Revolutionary troops were drawn in to an ambush that had them in a “kill zone” boxed in on four sides. Rather than pause to consider which side of the box to attack would be best (weaker) the commander just picked one and attacked that one. If he had hesitated or waited for information to educate his decision, he and his troops would be dead before he could make one.
(5) NO SLEEVE TUGGING. While trial is in session, you and your team will have ideas that you want to share with one another. This is a good thing, and one of the main reasons why you have a team. But there is a right way and a wrong way for you and your team to share these ideas. If your team is constantly tugging at one another’s sleeves, whispering frantically into each other’s ears, and furiously passing notes, the judge and jury are going to notice. They are going to wonder why you are doing this. Does this mean the other side has just made some good points, they will ask? Or, does this mean you and your team are not prepared for trial, which is why you are scrambling? You do not want the fact finder to have these thoughts. When an idea comes to you, before you pass it along, ask yourself, is this something I can share with the team during a break? Is this something I can share after court adjourns for the day? If so, write it down and bring it up later. If not, if it really has to be shared now or lose its utility, the idea should be calmly written down, and calmly passed along. The judge and jury should see two relaxed colleagues passing a note, not two frantic lawyers racing to keep up with their more-effective adversaries.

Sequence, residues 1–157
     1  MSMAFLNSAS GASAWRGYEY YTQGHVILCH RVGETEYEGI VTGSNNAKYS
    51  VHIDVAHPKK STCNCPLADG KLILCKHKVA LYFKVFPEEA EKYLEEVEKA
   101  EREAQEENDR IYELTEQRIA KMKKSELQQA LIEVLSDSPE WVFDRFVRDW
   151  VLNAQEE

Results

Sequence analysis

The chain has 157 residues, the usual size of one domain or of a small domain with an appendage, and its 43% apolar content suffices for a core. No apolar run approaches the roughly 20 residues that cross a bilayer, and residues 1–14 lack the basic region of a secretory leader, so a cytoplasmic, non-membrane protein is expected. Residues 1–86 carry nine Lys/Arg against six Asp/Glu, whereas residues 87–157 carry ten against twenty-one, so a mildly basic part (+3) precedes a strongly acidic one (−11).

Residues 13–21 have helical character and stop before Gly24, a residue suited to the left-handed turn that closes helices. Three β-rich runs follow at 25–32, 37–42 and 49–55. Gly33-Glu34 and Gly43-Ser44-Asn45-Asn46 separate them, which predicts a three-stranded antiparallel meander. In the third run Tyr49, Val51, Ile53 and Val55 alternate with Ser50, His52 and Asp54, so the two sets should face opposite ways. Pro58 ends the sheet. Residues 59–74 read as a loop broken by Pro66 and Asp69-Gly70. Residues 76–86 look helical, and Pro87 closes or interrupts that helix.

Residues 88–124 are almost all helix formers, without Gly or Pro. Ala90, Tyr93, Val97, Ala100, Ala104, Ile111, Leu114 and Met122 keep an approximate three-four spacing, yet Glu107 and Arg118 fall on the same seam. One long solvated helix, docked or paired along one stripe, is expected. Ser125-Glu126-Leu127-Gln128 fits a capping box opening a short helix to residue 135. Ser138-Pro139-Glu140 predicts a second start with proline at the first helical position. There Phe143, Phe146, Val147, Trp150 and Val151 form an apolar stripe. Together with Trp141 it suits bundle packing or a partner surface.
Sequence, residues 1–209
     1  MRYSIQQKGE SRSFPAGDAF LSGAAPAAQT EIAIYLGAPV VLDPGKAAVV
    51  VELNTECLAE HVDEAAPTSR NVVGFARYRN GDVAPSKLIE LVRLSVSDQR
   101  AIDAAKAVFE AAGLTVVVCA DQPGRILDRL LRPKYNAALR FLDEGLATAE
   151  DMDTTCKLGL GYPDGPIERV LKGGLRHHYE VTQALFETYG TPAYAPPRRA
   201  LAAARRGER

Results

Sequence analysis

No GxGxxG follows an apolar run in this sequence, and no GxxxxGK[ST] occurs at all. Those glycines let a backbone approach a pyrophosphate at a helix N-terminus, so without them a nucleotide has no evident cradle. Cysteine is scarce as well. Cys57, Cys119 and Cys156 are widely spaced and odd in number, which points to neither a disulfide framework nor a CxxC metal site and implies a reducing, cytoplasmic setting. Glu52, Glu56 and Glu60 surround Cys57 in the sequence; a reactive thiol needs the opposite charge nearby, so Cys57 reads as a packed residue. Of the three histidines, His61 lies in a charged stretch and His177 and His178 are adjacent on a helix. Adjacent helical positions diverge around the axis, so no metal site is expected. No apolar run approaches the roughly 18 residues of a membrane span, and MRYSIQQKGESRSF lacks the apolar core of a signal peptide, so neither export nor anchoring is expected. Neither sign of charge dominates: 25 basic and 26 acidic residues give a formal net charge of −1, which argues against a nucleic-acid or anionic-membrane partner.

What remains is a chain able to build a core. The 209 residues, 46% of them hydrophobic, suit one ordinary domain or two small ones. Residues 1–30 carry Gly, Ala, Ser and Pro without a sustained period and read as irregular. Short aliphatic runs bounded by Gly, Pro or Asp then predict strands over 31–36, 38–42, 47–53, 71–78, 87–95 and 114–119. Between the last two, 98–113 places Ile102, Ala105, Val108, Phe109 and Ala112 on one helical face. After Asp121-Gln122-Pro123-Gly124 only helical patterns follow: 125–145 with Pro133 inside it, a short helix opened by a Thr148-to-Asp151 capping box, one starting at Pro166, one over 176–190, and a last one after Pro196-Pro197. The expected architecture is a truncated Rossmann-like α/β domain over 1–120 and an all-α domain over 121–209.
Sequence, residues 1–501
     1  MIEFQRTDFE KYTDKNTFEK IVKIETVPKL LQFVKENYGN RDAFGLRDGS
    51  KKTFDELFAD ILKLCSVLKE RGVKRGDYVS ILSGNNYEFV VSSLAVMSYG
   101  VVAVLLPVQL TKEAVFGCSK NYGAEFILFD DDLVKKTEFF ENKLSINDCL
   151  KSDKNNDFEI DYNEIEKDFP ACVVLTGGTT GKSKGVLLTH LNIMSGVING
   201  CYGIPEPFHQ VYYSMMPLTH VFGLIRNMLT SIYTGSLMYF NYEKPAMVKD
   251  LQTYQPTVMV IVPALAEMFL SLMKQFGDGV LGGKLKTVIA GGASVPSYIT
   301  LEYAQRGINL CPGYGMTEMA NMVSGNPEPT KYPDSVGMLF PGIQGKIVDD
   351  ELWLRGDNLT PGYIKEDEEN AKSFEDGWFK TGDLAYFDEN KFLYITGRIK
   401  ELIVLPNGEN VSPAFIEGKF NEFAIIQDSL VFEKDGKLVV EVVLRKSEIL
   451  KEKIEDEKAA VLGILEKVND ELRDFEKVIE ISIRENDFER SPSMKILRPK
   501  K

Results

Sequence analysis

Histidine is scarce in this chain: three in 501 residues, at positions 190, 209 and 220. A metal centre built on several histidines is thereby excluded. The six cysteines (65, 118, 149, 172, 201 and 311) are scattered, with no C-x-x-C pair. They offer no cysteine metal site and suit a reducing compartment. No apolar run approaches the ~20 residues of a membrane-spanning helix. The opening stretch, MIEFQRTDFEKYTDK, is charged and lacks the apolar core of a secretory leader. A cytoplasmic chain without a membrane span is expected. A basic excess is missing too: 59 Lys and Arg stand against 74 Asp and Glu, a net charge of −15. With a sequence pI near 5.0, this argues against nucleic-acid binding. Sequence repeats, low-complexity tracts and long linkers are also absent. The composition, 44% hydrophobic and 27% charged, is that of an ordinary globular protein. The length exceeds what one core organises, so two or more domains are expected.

MOST IMPORTANTLY, trials happen, literally, at the speed of sound. You must be paying attention to everything that is happening real time or you may miss something important – important evidence or an objection you should make. If someone is “tugging on your sleeve”, you will be distracted, and you may well miss something you shouldn’t.
(6) SCREW UPS WILL HAPPEN. It’s not just that some things won’t be perfect; some will be awful. Exhibits will go missing. Demonstratives will not come out as planned. Your witnesses will get confused and say the wrong thing on the stand. You have to expect things like this to happen so you can respond accordingly and roll with them as best you can. You also have to be sure to let everyone on your team know if you think something has been screwed up. Even if it’s your fault, bring it up so it can be fixed.